I cannot escape the sense that elder brothers and sisters are being unmasked in the Catholic Church. Robert Royal wrings his hands:
(H)e uses phrases that make you worry – as well as think. And unfortunately, it’s looking more and more like he will continue to do that as long as he’s pope.
Someone in his combox suggested taking “un” off the “fortunately” and we’d have it right. Mr Royal does get the point of the interview, which is a dialogue piercing into modern unbelief:
But what emerged most notably in this interview was his wisdom of heart, sapientia cordis, which, it seems, can reach even the most settled skeptic.
Catholics, especially Good Catholics might consider getting used to this situation. We should be worrying if we’re resting too much on our laurels (I think we are) and not engaged enough in the mission of Christ.
Mr Royal is worried about moral relativism:
Most people will see this as the pope saying it’s fine to believe whatever they like.
In fact, he says that, more or less: “Everyone has his own idea of good and evil and must choose to follow the good and fight the evil as he conceives them. That would be enough to make the world a better place.”
In fact, he does not say this at all. Pope Francis’s statement strikes me as realism. Nearly all people do have a sense of good and evil. Nobody gets it perfect.
Nearly all conservatives supported military adventurism in southwest Asia a decade ago. Did they really intend that a few million would be refugees, that Christianity would be pushed to the brink of extinction in Iraq, that military suicides and divorces would soar? Of course not.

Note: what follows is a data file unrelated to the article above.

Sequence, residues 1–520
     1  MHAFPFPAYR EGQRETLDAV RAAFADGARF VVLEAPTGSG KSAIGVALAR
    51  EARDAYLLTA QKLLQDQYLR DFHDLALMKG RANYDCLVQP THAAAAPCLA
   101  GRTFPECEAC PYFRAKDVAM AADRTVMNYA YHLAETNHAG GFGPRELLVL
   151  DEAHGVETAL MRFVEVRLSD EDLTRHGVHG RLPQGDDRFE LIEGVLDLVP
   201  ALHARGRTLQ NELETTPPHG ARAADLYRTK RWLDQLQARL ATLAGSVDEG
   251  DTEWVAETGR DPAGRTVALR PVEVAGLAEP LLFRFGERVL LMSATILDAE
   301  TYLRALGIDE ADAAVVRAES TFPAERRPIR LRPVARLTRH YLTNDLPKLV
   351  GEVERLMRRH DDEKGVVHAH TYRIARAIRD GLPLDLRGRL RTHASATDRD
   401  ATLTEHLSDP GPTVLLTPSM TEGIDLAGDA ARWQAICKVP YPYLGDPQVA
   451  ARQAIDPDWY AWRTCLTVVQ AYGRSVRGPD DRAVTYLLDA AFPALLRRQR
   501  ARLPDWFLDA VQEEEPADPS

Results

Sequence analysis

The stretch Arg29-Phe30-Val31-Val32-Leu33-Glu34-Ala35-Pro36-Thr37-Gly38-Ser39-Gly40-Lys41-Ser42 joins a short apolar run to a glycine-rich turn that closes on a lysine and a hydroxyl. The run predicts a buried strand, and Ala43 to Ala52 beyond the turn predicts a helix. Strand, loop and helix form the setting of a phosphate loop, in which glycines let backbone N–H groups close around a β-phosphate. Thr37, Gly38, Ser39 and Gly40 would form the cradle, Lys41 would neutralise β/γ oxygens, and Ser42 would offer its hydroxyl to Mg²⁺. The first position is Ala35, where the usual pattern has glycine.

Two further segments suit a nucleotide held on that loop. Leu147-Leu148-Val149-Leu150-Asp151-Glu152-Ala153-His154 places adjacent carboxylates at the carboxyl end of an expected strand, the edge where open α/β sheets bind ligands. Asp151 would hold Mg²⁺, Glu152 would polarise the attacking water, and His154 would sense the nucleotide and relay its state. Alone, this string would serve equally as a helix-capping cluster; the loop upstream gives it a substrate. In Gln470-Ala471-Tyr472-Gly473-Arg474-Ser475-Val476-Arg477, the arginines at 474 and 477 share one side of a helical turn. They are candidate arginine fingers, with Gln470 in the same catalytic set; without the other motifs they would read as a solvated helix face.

Many bishops chose the public image of the institution and care of the clergy above child safety. Did they intend to lose hundreds of millions, chase away hundreds of thousands of believers, and spawn self-hatred, suicide, and calls to trade in their black cassocks for orange prison wear? Of course not.
Will people interpret the pope’s words to mean what they want them to mean? Of course they will. It happened with many good Catholics under the last two popes. The difference in the Church today is that believers, and especially disciples are being challenged to discern.
And that can be far more difficult than surety. Nobody’s getting a free pass. Speaking for myself, I don’t wish for one. I have a lot of work to do, and I’m having a great time being a Catholic. This is the best time.
Mr Royal saves himself with this last word:
Read the whole interview. The human interactions are splendid and the final result sheer delight. I’m willing to bet Eugenio Scalfari never thought that in his declining years he’d be drawn into an interchange like this, which will stay with him forever now – and with us.
This is the point. Splendid indeed. Now, a show of hands: who’s ready to do this today?